By knowing the difference between lens focal lengths, you can experiment with more lenses and be confident that you know which lens to grab in every situation.
By Stefano Ferro
I have been running a travel photography website for few years. In conjunction, I also run some workshops and commonly receive many photography questions; however, there is one which comes up frequently:
What is your favourite camera for travelling today?
Fair enough, people want to upgrade or just change the model. I find however strange that I almost never get this question:
What lens should I buy for my next trip? Or what lens would you suggest for my travel adventure?
It seems that lenses always come second, based on what is left from the initial camera budget. It’s not uncommon to hear “the kit lens will do” when someone goes travelling.
But is it the right choice?
Maybe not. I may be too drastic, however, I believe that lenses are even more important than the cameras when talking about travel photography. I was once watching a lecture from Prof. Marc Levoy on lenses and differences when using the same camera, it was very interesting. It was part of an 18-lecture workshop that I would suggest everyone watches if they have some spare time. From this I have one lens buying tip: if you buy only one lens then allocate a budget at least similar, if not higher, to the one allocated to the purchase of the camera.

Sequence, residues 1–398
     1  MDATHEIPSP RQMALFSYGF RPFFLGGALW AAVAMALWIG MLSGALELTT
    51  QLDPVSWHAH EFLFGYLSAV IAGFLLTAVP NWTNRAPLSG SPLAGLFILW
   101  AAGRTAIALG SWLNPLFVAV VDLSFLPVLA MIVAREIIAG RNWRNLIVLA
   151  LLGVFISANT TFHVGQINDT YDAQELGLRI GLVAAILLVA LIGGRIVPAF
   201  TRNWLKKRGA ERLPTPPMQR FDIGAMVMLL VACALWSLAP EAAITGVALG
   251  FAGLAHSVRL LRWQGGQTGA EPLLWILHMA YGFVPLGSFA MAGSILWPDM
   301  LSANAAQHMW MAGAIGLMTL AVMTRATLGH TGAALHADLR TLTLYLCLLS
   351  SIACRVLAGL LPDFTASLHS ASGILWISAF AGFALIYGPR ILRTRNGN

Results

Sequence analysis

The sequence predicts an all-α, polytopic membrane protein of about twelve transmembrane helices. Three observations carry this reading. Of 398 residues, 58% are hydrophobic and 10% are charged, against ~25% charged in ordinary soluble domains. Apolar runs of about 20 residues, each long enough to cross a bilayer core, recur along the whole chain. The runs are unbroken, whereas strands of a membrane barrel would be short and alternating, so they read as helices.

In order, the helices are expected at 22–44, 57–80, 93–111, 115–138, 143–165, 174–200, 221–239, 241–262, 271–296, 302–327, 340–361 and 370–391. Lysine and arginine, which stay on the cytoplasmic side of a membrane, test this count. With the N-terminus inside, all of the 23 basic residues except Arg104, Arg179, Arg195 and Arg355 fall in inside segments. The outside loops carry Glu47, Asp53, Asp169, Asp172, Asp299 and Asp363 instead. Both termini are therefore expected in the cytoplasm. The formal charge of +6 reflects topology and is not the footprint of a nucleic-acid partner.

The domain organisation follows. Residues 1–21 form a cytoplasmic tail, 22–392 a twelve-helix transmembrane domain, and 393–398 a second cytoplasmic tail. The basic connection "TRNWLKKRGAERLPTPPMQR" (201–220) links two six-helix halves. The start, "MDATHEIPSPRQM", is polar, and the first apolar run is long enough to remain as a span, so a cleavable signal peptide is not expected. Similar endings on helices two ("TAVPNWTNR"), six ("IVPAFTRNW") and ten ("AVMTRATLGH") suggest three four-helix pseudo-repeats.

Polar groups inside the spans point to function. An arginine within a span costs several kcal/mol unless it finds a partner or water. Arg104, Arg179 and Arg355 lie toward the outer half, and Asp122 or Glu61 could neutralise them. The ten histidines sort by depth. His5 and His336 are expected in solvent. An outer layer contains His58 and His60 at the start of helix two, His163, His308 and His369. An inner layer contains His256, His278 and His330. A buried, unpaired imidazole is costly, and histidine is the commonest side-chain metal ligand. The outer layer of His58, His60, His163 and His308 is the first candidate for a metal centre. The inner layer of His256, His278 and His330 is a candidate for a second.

Do not buy a Ferrari with a FIAT engine (although the FIAT Group actually owns the Ferrari brand)!
Sunset on Southgate with the helicopter surprise
Fujifilm X-T1 – XF16-55mmF2.8 – F2.8 – 1/400 second – ISO200
If it is true that the best camera is always the one with you then the best lens is the one that will help to capture the majority of your photos in your trip.
Think about what lenses to take when travelling. For example, you should take multiple lenses that will cover a wide focal length through to a telephoto length, but also take into consideration the following:
I am in love with the Fujifilm X Series cameras. One of the reasons beside the light weight is the compact size, for instance, I can take a Fujifilm X-T2 in my bag for a full day of shooting and almost not feel it.
This is the way I want to travel. It’s important for me to keep my gear light, which is why I take a maximum of two lenses with me. When I travel on my own I usually change location every 2-3 days. Packing multiple lenses and transporting many of them is just not an option.